Josie Curran has her six-month-old son strapped to her front, one hand on the wheel of a small tugboat and the other holding grimly to a mooring post on the riverbank. Her black pointer has run off, and she's trying to coax it back while chatting to one of her neighbours, who was strolling past. It's a scene of slightly chaotic, bucolic domesticity.
Life in north London was never like this. But since swapping a two-bed flat for a two-storey houseboat on the Thames, 34-year-old Curran's life has changed beyond recognition: summer evenings are spent swimming, fishing and sitting on deck listening to the silence. "For months, we ran around like idiots, taking utter delight at living here," she says.
Her home, a New England-style clapboard house on a steel hull, is moored near Hampton Court, on one of the many tiny islands that dot the river west of the city. It is impressively un-boat-like, with an open-plan living and dining space, a glorious bedroom, a deck with doors that open fully, even a garden and allotment on dry land, reached via a footbridge. The only hint that you are on water is a barely perceptible rocking when a boat passes by. "It's really no different from living in a normal house," she says, "but it does get very hot in summer, and there are lots of bugs." The river beyond the nearby lock isn't tidal – a blessing, says Curran, "or we'd spend a lot of time sitting on smelly mud".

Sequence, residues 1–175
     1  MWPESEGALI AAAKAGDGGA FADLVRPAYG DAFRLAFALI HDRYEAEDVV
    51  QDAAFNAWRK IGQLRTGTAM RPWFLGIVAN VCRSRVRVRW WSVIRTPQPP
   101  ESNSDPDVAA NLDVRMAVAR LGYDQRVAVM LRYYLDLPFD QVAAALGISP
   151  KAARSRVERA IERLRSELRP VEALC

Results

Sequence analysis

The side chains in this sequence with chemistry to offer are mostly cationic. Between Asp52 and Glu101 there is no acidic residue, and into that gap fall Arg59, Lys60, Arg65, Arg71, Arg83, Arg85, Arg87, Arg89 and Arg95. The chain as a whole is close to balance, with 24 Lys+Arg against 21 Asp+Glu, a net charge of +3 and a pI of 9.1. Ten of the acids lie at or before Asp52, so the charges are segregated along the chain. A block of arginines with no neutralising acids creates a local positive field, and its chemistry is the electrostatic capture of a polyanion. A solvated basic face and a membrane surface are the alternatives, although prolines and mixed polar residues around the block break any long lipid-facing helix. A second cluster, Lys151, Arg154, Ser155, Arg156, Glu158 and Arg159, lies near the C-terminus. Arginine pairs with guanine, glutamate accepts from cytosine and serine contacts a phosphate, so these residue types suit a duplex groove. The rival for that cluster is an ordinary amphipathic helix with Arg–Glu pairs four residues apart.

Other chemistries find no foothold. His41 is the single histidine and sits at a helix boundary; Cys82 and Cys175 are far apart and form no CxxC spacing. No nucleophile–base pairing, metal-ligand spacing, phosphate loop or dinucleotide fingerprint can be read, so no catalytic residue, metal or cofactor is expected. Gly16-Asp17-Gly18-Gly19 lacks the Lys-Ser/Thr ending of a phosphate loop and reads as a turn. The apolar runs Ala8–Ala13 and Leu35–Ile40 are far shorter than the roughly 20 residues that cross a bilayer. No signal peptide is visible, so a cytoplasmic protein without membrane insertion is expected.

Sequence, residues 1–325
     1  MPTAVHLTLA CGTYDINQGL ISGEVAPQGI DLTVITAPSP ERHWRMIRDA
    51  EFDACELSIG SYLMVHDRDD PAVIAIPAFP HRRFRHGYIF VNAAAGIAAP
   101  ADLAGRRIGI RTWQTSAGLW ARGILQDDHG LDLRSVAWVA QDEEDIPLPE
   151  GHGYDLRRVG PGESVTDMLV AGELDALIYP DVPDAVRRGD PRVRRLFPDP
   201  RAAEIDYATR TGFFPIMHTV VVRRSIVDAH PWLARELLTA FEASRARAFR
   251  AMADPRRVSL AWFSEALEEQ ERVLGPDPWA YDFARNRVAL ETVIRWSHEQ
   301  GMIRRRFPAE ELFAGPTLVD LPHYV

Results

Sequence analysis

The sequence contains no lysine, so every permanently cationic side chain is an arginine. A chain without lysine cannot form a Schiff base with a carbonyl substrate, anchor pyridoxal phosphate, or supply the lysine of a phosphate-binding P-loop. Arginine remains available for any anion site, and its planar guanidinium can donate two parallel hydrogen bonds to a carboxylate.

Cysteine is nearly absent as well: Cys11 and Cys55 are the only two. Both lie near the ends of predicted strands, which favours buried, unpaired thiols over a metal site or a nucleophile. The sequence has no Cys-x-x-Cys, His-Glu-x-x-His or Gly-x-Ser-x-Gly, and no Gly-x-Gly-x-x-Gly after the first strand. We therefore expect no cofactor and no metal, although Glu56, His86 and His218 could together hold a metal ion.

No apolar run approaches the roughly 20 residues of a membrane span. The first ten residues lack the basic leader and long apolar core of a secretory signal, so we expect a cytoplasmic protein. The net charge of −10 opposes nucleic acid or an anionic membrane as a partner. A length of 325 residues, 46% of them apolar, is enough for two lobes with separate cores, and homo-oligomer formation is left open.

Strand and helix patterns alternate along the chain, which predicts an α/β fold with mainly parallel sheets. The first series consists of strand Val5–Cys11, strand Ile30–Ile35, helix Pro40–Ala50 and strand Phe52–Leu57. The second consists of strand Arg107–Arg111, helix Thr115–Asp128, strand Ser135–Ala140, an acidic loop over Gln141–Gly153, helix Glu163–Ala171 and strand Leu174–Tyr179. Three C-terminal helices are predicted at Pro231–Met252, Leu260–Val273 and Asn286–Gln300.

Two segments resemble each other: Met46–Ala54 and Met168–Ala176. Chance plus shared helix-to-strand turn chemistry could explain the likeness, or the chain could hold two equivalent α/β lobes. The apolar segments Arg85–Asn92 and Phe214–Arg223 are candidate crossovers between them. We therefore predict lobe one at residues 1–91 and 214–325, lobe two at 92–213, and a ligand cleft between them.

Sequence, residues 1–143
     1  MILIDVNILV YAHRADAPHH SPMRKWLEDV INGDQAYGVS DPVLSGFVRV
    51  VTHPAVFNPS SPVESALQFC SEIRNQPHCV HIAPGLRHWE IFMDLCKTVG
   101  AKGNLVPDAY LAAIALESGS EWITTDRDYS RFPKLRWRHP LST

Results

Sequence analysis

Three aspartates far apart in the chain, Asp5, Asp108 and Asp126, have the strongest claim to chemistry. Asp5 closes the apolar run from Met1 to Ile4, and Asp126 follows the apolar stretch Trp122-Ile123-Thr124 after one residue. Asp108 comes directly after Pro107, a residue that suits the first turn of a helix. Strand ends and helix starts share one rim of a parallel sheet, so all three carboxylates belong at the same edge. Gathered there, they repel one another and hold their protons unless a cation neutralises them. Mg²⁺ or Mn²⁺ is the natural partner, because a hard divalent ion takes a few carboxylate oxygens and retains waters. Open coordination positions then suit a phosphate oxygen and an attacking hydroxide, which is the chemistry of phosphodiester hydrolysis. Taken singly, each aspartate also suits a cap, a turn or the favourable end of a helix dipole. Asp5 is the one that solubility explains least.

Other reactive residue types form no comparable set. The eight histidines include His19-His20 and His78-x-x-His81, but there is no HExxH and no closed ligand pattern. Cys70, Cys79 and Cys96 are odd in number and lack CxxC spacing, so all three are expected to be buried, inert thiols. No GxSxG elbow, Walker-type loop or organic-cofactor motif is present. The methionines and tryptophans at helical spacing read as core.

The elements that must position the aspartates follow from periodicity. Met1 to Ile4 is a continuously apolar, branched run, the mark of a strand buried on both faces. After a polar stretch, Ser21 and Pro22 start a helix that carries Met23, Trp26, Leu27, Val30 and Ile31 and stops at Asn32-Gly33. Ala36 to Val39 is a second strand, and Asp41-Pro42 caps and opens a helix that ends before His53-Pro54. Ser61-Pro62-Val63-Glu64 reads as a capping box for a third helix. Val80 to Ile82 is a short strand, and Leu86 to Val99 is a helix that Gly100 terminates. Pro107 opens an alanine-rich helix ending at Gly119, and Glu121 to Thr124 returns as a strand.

Read more at http://www.guardian.co.uk/lifeandstyle/2010/jun/19/houseboat-baby-interiors-design